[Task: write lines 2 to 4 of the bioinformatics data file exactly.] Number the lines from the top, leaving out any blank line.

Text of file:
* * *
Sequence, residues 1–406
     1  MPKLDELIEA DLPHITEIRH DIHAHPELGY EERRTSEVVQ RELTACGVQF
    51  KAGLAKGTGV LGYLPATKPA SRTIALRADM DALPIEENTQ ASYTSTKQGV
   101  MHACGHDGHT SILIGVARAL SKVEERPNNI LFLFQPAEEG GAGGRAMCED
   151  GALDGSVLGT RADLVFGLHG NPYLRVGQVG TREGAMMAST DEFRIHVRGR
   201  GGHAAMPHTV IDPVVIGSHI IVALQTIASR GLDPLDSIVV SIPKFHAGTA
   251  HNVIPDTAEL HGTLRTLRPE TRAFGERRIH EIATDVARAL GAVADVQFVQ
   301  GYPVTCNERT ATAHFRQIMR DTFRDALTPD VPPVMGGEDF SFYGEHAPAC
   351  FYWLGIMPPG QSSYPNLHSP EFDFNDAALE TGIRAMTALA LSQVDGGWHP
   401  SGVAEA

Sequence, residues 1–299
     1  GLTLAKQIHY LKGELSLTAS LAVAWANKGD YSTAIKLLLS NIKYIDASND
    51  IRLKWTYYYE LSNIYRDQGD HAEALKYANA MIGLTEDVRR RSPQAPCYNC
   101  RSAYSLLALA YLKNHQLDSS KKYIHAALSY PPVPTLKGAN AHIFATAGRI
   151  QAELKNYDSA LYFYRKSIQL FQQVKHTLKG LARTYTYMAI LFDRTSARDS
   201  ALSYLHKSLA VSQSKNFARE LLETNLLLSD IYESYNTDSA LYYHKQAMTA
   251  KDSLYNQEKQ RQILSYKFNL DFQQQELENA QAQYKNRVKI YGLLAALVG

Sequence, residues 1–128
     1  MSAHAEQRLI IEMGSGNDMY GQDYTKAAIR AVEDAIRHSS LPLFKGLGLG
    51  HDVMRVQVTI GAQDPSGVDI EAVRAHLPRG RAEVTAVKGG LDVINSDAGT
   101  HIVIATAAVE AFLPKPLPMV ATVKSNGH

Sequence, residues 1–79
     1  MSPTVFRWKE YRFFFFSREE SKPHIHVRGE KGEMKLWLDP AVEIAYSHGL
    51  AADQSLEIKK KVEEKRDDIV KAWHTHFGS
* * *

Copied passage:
     1  MPKLDELIEA DLPHITEIRH DIHAHPELGY EERRTSEVVQ RELTACGVQF
    51  KAGLAKGTGV LGYLPATKPA SRTIALRADM DALPIEENTQ ASYTSTKQGV
   101  MHACGHDGHT SILIGVARAL SKVEERPNNI LFLFQPAEEG GAGGRAMCED